TRS-80 Power in a "Smart" Phone

Not really a computer (I think) but still interesting. I tried looking up some background information on this but couldn’t find relevant links.

Harry McCracken posted this tweet about Radio Shack’s first ‘smartphone’.

Radio Shack’s first smartphone, test-marketed for two weeks in late 1982 in Fort Worth and Boston, has been unfairly forgotten by history.

Image below taken from the tweet.

It turns out to be a spoof… which is a pity because the Model 100 was groundbreaking, and portable, and connectable:

The display, though, is Leo Christopherson’s famous Dancing Demon demo as seen here:

and as seen modified in George Phillips’ blog, which has much of TRS-80 interest:
Doubled Dancing Demon


Really? A spoof? Ah, that explains the lack of real references to it. :slight_smile:

Yeah, for whatever reasons it was never Tandy/Radio Shack’s style to try and make portable or smaller versions of their classic TRS-80 line. Maybe it was just too difficult anyway, looking at how huge the Model III and Model IV backplanes were.

Instead, the Coco and various portables would be acquired from others, without any consideration of compatibility of any sort.

That said, just look at the SX-64. Cramming a fully functional Commodore 64 into a “portable” form factor didn’t exactly result in a practical device. A portable classic TRS-80 would be an even more difficult fit.

Yeah, I was almost taken in by this until I looked at the screen and asked myself, “is that a CRT?!”

I never got the chance to use one for more than a few minutes here and there, but it seemed eminently practical to me, no different from an Osborne, Kaypro or Compaq portable. (Certainly the Kaypro II was eminently practical; I used one as my primary machine—used mainly for word processing—for a few years in the late '80s and early '90s.)

I see no reason that the classic TRS-80 could not have been reworked into a similar “luggable” form factor: The TRS-80 Model I from 1977 is quite small already. Of course, that’s missing the disk controller and has less RAM, but I just pulled out a TRS-80 Model III motherboard (1980) I have kicking around, with disk controller and sockets for 48 KB of RAM, and it’s only 33 × 23 cm. I’ve little doubt that by 1982 they could have replaced much of the 7400-series logic with something more compact, but even if not, that board itself would fit into a (perhaps slightly taller) Kaypro-style case with a 9" monitor and a couple of full-height 5.25" diskette drives above it.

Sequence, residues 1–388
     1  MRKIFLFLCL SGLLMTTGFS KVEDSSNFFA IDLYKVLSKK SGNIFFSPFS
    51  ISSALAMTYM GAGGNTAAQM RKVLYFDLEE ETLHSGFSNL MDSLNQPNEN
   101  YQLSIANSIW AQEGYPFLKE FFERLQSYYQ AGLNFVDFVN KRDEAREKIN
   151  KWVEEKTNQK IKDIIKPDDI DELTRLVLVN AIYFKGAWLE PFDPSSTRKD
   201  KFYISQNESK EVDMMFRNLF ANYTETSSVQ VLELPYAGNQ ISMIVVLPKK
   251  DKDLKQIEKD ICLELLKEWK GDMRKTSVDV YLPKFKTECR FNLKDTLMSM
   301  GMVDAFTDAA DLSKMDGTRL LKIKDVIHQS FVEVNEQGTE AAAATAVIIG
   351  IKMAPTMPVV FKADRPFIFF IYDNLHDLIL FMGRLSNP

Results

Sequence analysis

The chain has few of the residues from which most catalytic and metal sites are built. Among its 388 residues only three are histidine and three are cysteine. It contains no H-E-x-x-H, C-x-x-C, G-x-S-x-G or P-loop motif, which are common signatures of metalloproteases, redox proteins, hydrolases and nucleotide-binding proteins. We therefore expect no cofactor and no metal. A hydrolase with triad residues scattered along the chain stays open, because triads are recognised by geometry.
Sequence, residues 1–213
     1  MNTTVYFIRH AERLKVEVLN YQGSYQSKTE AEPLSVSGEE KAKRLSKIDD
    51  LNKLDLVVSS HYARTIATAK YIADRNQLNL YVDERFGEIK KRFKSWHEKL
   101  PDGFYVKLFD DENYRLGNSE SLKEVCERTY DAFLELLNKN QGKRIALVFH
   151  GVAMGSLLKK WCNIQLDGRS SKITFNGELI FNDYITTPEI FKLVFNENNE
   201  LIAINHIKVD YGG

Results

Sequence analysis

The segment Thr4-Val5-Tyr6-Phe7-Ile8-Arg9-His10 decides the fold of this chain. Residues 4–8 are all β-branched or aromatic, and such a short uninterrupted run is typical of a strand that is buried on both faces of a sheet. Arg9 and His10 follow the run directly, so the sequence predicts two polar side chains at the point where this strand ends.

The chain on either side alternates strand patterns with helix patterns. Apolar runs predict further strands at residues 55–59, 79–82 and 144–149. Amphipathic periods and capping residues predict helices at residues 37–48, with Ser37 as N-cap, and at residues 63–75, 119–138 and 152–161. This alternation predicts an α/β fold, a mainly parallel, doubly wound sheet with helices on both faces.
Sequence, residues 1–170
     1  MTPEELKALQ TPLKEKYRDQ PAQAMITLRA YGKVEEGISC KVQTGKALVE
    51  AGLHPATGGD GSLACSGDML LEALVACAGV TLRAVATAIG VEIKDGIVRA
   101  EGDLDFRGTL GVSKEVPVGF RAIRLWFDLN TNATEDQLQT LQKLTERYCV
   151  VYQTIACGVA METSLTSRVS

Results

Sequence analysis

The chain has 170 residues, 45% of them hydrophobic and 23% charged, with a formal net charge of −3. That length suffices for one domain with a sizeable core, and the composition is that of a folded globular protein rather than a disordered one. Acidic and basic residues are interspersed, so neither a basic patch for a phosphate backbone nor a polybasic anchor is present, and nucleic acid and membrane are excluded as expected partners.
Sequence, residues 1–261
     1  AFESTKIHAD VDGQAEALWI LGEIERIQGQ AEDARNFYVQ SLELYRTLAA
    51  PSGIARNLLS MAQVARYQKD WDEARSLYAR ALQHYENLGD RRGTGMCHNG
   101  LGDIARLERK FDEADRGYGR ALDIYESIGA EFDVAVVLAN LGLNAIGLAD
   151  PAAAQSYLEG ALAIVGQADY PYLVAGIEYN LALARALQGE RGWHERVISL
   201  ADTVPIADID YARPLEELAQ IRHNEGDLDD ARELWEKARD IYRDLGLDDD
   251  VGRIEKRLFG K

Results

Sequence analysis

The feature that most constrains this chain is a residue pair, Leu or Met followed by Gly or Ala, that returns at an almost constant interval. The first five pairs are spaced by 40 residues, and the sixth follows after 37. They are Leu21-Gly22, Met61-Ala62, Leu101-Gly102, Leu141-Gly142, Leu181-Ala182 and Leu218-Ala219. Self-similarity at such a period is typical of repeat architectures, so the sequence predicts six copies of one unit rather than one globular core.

The CoCo was a Radio Shack internal design, in partnership with Motorola. That explains the switch to the 6809 and the MC6847 video controller. The original design was actually for a a cheap Videotex terminal, but swapping out the modem and adding a few other things produced a decent home computer, and Radio Shack did need something with colour at the time.

I don’t see the lack of backward compatibility as a bad thing, actually; one advantage was that the 6809 opened up the computer to much more sophisticated software than was available on the Z80-based TRS-80s, such as the multitasking, multi-user OS-9 operating system.

It’s a very nice spoof. The antenna is all wrong as well, and CRT or no, the proportions were all wrong to run any legacy program. (Plus there simply being a 10 Key pad).

I did enjoy the “Virtually limitless storage” option, however.

Wasn’t this more or less the MC6809E/MC6847 reference design, which is why the Dragon is nearly compatible?
But I really don’t know how much Tandy/Radio Shack was involved in the process of the reference design and/or how much say they had as a driving party regarding specifications. At least there was, of course, the prehistory with the Green Thumb project and the AgVision/VideoTex terminals…